Tuesday, February 19, 2008
Here's Rocky. All 15 pounds and 4 weeks of him. His feet and knees slow him down but they don't daunt his travel. If he's beyond being able to walk, he will ask politely to be carried. As he is carried, he is generous with kisses. His teeth are growing in and he constantly grinds them--I think because they feel so weird. He has really bonded with Oliver. While Oliver runs and jumps and bucks, Rocky is stead fast and constant. Oliver always checks in with Rocky with a little nudge or nose to nose time.
And I guess Oliver is our 'normal' lamb. He is, at two weeks old, nibbling hay and tasting grass and anything else he happens upon. He is very aware that he is like the other sheep in the pasture and I find he struggles with the choice of staying with me or going and visiting with every last sheep. I encourage his curiosity and urge him to befriend the older ones. He really takes the ewe's head-butts well. I don't think the girls mean to hurt him as much as remind him of his place, but he bounces right back for more and that tells me he's ok with it all.
And oh how I love that little white lamb.
Saturday, February 16, 2008
This was taken at Nile's basketball game this morning. The weather was cool (50 degrees or so), misty, and foggy. The perfect combination for staying home in bed reading old books and entertaining lofty musings. But here I was in a small, incredibly loud gymn filled with stampeding 11 and 12 year old boys and grown men with whistles. My new personal hell.
Then the brand new baby arrived. So tiny, so pink, so NEW. She was born 5 weeks early and weighed in at a hefty 4 pounds. She was perfect at 5 weeks old. Her birth date was supposed to be Valentines day but she knew better. Her cherubic lips pursed in sleep oblivious of the chaos.
And that took me back to when the kids were born--their little selves all balled up for the first few days; their bodies remembering their confined quarters and slowly realizing they could stretch all the way out, arms and legs flailing; sleeping babies with arms over their heads, hands even with their ears, open mouths.... and now look at them. Forrest is going on 17, is taller than I am, is ready to fledge the family as long as we support him. THERE'S a never ending stuggle!! Niles is having a well rounded puberty with playing basketball, playing percussion in the middle school band, and learing the hard way his mouth really is the source of many of his problems. (I have no idea where he got that!). And then there's Lillie--little Miss Thang. All things girl and she can deliver a punch too. First grade never looked so good.
And then there's the thought that life is so fragile. I don't think you think of that when your their age, but, when you are older and have chosen to deal with death on a pretty regular basis, you think about it frequently. On the whole, I see death as a blessing, a reprieve. A Release. I'm not solid in what I feel about suffering and what exactly constitutes suffering, but I do lean towards the mindset that imperfections are not a blessing. But I've met few humans with physical imperfections so that realm is foreign to me. But the animals I have known with injuries so severe that continue to live in spite of them--not what I would call a blessing. More of a lesson for us to learn when enough is enough. More of a huge neon sign pointing to the action of release. On behalf of that animal. A teaching moment.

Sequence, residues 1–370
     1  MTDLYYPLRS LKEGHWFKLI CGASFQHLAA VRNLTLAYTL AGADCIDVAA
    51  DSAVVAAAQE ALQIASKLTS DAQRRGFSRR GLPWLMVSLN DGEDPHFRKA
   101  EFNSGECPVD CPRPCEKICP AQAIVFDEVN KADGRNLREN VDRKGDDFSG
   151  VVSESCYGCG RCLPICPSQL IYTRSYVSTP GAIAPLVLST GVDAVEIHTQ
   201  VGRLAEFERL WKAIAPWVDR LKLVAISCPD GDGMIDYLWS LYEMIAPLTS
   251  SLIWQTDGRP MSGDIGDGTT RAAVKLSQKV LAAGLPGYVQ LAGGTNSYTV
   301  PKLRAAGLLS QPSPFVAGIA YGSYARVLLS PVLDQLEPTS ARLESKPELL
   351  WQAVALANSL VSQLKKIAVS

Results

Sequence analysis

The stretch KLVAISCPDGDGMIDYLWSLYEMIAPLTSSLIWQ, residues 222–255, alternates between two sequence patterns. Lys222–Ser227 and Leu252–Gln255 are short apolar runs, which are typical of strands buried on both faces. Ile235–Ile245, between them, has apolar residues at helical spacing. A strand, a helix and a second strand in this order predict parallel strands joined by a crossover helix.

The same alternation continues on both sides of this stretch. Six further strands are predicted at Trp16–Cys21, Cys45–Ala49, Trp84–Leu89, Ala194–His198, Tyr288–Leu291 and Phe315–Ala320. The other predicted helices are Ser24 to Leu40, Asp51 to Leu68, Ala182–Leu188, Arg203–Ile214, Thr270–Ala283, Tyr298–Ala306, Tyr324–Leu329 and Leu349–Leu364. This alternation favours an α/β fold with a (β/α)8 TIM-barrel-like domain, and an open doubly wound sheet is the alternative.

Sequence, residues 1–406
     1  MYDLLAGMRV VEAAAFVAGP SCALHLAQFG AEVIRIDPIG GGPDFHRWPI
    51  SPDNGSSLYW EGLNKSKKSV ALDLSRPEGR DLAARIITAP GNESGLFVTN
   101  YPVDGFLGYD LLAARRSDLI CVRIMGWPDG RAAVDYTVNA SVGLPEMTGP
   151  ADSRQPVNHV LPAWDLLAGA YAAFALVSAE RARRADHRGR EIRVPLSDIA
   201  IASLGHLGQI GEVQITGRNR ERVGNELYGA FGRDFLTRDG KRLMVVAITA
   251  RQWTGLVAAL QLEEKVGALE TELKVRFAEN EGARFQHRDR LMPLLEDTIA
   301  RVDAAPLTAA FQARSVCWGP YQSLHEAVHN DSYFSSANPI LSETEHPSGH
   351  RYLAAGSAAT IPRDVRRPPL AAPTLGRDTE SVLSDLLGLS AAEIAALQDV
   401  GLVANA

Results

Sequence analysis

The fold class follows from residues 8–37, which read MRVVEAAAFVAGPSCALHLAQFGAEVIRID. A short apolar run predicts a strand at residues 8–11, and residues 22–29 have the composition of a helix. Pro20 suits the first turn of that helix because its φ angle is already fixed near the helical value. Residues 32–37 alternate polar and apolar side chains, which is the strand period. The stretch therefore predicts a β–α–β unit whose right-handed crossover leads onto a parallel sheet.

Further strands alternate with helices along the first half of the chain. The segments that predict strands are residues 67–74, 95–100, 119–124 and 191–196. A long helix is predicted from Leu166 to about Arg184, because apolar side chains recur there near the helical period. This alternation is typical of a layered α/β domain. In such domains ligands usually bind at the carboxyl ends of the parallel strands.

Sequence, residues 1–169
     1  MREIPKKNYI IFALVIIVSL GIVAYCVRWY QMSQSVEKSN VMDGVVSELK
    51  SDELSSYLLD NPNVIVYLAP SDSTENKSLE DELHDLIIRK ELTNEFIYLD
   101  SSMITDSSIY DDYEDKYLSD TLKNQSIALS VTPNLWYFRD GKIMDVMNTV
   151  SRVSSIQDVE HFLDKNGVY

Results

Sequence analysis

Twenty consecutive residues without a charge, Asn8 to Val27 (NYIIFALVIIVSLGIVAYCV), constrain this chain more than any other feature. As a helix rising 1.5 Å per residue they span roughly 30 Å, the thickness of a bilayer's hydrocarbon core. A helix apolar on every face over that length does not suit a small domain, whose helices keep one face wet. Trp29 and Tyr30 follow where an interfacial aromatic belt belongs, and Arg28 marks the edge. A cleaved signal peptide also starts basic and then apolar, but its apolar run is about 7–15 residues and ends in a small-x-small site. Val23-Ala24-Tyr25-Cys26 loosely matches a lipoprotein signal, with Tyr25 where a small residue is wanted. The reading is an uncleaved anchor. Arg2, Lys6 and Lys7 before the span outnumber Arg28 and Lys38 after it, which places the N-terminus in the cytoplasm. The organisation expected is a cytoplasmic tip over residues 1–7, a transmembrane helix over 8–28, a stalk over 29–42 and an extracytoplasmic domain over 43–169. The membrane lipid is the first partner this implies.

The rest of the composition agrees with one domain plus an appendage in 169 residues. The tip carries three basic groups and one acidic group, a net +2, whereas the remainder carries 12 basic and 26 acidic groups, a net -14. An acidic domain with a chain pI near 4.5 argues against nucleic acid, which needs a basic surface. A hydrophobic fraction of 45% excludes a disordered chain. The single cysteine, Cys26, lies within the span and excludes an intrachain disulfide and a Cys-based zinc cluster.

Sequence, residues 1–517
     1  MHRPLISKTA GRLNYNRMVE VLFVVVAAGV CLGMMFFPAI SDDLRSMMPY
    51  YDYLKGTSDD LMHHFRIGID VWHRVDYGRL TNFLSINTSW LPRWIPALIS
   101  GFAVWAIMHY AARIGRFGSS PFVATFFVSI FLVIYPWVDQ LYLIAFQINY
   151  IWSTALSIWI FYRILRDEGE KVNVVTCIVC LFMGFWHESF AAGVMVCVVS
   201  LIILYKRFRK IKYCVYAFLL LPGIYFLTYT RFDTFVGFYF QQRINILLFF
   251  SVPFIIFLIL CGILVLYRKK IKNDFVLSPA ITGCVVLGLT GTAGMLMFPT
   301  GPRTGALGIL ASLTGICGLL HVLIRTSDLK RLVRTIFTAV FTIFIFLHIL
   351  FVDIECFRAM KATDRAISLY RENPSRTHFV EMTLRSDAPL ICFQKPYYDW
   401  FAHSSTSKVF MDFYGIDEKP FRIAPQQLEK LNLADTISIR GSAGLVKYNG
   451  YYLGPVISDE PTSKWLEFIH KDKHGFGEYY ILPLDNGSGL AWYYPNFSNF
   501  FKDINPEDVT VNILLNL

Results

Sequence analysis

And there are plenty of teaching moments to encounter on a daily basis. Just be aware.
So, long meditation short, live your life. Don't just take pictures of pretty things, take pictures of the real things. And embrace them as yours.
Tuesday, February 05, 2008
His life didn't begin as sanguine and peaceful as many others do; his began with his mother's love fading behind him as he was taken from her and thrown into the back of a pick-up truck and hauled around. Luckily the driver of the truck has an inkling to stop and ask if someone wanted 'it'.
He landed in my arms. Apparently the lamb was 'retarded' and a 'throw away'. After all, sheep 'ranchers' don't have time to raise 'retarded' sheep. Sheep 'ranchers' don't have time to raise a lamb born with 4 club feet, blind, and a hare-lip. Even if the ewe wanted the lamb, the 'rancher' didn't. So he threw the newborn into the back of the truch to languish. Until the thought hit him to stop.
He didn't want to feed the lamb until the following day when I would be on my way home. Even though he was feeding three other lambs, he could not and would not feed another one. But he would bring me the bottle and formula so I could.
And I did.
Lillie named the new lamb "Mason" after a little boy in her class. After a little time passed, my sister noticed his tongue stuck out just a little on the left side of his mouth causing him to look a bit like Sylvester Stallone in "Rocky". So Rocky it was. Rocky Mason to Lillie.
I took him to work the following day and he was instantly decreed as 'perfect' in every way. What was discussed was the origination of the disfigurements--a possible virus because the sheep 'rancher' wasn't managing his herd well. Turns out, Rocky's disfigurement came from a lack of vitamin A from both parents.
Rocky took to the bottle like a champ. He began to walk on his little bent hooves almost immediately. He wasn't able to walk long distances, but he kept at it and even though his little legs and knees are bent, he is surviving and thriving. Two weeks after being born into a death sentence, he is walking, running and hopping as he should.
The cataracts that covered his eyes at birth have shrunk to over half their size, only partially covering his pupils.
He has a new friend now, a barbado lamb that came in last night. I can say that Rocky is not happy with sharing the limelight. But 'Oliver' doesn't mind.